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The Evenk language

The language spoken by the Evenk, or Tungus proper, has fifty or so spoken dialects that can be divided into three groups: northern (in the basins of the Ob and Yenissei rivers), southern (around Lake Baikal) and eastern (from Yakutia to the Okhotsk Sea and Manchuria). Speakers of dialects within the same group understand each other, but those from different groups do not.
Approximately 30% of Evenk in Russia and 75% of those in China speak their language.
Certain lexical domains are particularly well developed: hunting (game animals and birds, weapons, techniques of capture), reindeer breeding (the words for the domestic reindeer are different according to the animalís age, sex, color of coat, antlers, role ñ draft, packing or milking), and working skins. The vocabulary for movement in space (verbs indicating direction) is abundant and the particularities of the landscape and climate (kinds of snow) are highly detailed.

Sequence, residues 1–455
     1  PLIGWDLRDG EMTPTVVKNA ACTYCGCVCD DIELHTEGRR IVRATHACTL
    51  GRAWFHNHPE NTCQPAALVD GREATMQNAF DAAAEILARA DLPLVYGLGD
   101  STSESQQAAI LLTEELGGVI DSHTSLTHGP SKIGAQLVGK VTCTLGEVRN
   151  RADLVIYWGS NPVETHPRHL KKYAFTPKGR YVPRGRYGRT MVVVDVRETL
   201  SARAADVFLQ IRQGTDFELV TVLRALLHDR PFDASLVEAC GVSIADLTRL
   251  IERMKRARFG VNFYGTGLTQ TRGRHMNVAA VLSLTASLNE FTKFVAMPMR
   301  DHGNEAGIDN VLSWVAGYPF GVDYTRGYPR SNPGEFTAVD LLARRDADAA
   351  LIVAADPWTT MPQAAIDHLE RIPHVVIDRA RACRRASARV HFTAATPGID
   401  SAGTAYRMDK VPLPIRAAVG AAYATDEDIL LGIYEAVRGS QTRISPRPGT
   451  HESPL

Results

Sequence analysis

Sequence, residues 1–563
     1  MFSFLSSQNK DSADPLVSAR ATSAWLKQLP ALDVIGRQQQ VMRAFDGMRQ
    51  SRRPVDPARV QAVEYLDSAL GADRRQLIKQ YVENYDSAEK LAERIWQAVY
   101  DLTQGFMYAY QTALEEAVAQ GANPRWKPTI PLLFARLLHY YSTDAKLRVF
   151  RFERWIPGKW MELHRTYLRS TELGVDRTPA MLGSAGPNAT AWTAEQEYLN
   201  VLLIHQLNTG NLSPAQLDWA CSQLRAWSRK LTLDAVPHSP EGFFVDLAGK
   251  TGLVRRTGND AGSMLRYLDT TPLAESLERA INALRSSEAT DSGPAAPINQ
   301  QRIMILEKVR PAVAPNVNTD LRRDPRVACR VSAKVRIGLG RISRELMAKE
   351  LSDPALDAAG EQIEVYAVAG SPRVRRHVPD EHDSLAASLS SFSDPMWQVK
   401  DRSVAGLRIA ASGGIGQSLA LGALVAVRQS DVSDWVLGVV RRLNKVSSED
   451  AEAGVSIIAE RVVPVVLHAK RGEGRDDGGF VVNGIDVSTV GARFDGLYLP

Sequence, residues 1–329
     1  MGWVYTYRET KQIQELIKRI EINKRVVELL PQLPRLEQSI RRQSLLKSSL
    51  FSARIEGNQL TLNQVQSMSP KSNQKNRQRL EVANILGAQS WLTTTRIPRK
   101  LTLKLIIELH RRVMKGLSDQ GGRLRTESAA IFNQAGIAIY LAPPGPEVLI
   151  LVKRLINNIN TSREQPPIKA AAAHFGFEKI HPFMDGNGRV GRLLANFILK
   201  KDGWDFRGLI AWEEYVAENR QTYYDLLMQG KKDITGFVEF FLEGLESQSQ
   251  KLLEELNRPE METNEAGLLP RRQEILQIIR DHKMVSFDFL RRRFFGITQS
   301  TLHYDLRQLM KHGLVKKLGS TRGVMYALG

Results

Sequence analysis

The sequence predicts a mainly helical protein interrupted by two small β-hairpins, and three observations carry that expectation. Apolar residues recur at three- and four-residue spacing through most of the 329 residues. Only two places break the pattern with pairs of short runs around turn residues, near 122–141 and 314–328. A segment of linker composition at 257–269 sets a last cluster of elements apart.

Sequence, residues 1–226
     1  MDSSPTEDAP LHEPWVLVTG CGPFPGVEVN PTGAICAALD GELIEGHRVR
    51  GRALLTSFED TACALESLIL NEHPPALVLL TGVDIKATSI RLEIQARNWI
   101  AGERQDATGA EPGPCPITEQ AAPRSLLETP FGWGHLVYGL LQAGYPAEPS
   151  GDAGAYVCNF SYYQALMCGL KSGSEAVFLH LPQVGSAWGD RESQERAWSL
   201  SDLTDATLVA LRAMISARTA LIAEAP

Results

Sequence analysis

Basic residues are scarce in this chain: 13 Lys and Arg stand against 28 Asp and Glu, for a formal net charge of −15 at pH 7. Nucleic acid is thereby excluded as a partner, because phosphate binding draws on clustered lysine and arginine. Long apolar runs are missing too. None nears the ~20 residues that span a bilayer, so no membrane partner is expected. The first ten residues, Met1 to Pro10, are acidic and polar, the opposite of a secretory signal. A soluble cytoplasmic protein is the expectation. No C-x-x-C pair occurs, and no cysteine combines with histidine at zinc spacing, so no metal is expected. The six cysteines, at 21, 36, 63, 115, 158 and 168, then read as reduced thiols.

The first Evenk grammar was written, using the dialect of Nerchinsk, by M.A. Castren in 1856. In 1929, the Soviets created a literary language based on a southern dialect (region of Irkutsk). Its Latin alphabet was replaced in 1937 by Cyrillic script. In 1952 a new language was established, based on another southern dialect. Its written form is needlessly complicated by the desire to use all the letters of the Cyrillic alphabet. Today the northern and eastern versions are much better preserved than the southern dialects, even though these are the basis of the literary language.
Since perestroika and especially since the end of the Soviet regime, the native elites have been trying to revive the Tungusic languages through the publication of books and newspapers as well as through classroom teaching.

Author(s): M.-L. Beffa
Date created: 2003-06-30 - Date modified: 2004-04-14


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